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Verlander asserts self as Central's Alpha
And now for Justin Verlander’s latest trick: He broke up his own perfect game.
No, I’m not talking about Orlando Cabrera’s clean single with one out in the eighth, the first hit Verlander allowed in Tuesday’s 4-0 humbling of the Cleveland Indians. On this night, the Detroit Tigers ace took 27-up, 27-down stuff to the mound and then gifted the Indians a baserunner on what appeared to be a purpose pitch in the first inning.
So, you can forget what the box score tells you: No Indians batter earned his way on base against Verlander until Michael Brantley’s seventh-inning walk. Yes, we were within range of an asterisk-perfect game by a Tigers right-hander, against an Indians lineup, for the second consecutive June.
Instead, we were left with something almost as intriguing — Verlander’s nonverbal proclamation that he is absolutely, positively, the Alpha Male in this year’s AL Central race.
On a day when the Detroit Free Press’ A1 headline screamed, “FIRST-PLACE SHOWDOWN!,” Verlander pushed his team into sole possession of the division lead for the first time all year. And he did it with attitude.
OK, here are the facts:
• On April 29, Carlos Santana crushed a no-doubt, walk-off grand slam off Tigers reliever Joaquin Benoit. Santana’s reaction to the shot was not out of the ordinary, according to modern baseball norms. But he did pause initially to admire the blast. And he did high-step his final approach to home plate.
• The Tigers and Indians played two games in Cleveland after Santana’s walk-off. The Indians won both. In the series finale, there were two hit batsmen on each side — including Detroit superstar Miguel Cabrera.
• Verlander had yet to pitch in 2011 against the Indians — a team that hit him hard in prior years. His record against Cleveland entering this season was just 10-11, with a 5.11 ERA.
• Verlander, by his own acknowledgement, had his best stuff of the season on Tuesday. (Yes, even better than his May 7 no-hitter against Toronto.) On top of that, he had pinpoint command. He rarely missed a spot with his fastball, curveball or changeup. Basically, he could’ve located a baseball between the “k” and “B” in “BlackBerry.”
• Santana came up as the second batter of the game Tuesday, after Verlander froze Grady Sizemore with a perfectly placed curveball. The first pitch was a 98 mph fastball. It whizzed by Santana’s ribs and smacked the backstop. The second pitch was — you guessed it — inside and 98. Santana spun out of the way, but it clipped him on the elbow. After an odd moment of indecision, he took his base.
• Verlander went on to throw a precise, 117-pitch, two-hit shutout.
When asked about the Santana at-bat, Verlander smiled and offered the standard: “I missed my spot.”
“Twice?” I asked him.
“Yep,” he replied.
Santana, for his part, said he was “very surprised” that Verlander hit him. Asked if he thought it was an accident, he replied, “I think so — maybe yeah, maybe no.”
Another Cleveland player suspected it was retaliation for Santana’s walk-off stylings in April — in which case, the player said, the teams are “even” now.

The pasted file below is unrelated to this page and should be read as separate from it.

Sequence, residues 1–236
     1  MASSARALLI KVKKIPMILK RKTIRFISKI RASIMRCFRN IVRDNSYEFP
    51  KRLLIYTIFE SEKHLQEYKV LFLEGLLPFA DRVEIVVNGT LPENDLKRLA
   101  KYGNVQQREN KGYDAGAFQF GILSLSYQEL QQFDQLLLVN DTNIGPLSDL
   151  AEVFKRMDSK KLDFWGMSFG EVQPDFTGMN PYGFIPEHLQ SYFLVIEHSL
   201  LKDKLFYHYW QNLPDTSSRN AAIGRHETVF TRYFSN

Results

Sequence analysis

But perhaps a little spite between the teams will persist. When Cabrera wired his single to center — on what Verlander said was a poorly located fastball — he carried his bat halfway up the first-base line before flipping it toward the dugout.
Verlander said he didn’t see it. When a reporter mentioned it to him, Verlander replied, “I might go look at it now. Whatever. If he wants to flick his bat when it’s 4-0 in the eighth inning, if that’s the type of player he is, that’s fine. You can’t worry about guys like that.”
The series of events is open to interpretation. Here is mine: Verlander took it upon himself to settle a six-week-old score. And he did it without losing focus, as might have happened in the past. It was a statement moment in a statement game in a statement series. Whether you agree or disagree with baseball’s in-game justice, Verlander conducted himself like a composed veteran — something he hasn’t always been, despite his career’s Hall of Fame track.
Verlander is 28. This is his sixth full season. He’s been around long enough to sense why this series means so much. The Indians were a heartwarming story for the season’s first two months. But now they’re mired in a 5-15 skid. Their seven-game lead is gone. Their lineup, short on veterans, needed a confidence boost. But Verlander bullied them from 60 feet, 6 inches, thanks to some combination of four-seamer and bravado.
Given the first-half showings by Josh Beckett, Jered Weaver and Alexi Ogando, Verlander can’t yet be considered a favorite to start the All-Star Game — even if he does lead the league in innings, to go along with a 2.66 ERA. But there isn’t a more intimidating pitcher in the game today. Certainly, the Indians have no one like him. Frankly, no one in the AL Central does.
Who else can say (with a justifiably straight face) that he begins every start with the expectation that he won’t give up a hit, as Verlander did on Tuesday? Asked when he starts thinking about a possible no-hitter, he said, “Usually, about the third or fourth.” Usually? Having thrown two no-hitters, experience tells Verlander that he usually gets that feeling about the third or fourth.
Self-assured? Of course. But he backs it up. I respect that.
“After the first inning, I always think I’m going to,” he said, when asked if he sensed that he would get no-hitter No. 3 on Tuesday. “I never plan on giving up a hit. . . . That’s the expectation I hold myself to. I believe, as a starting pitcher, you have to have that mentality: You go out there, and you don’t expect to give up a hit.”
He probably doesn’t plan on allowing a baserunner of any kind.
I mean, not unless he means to.
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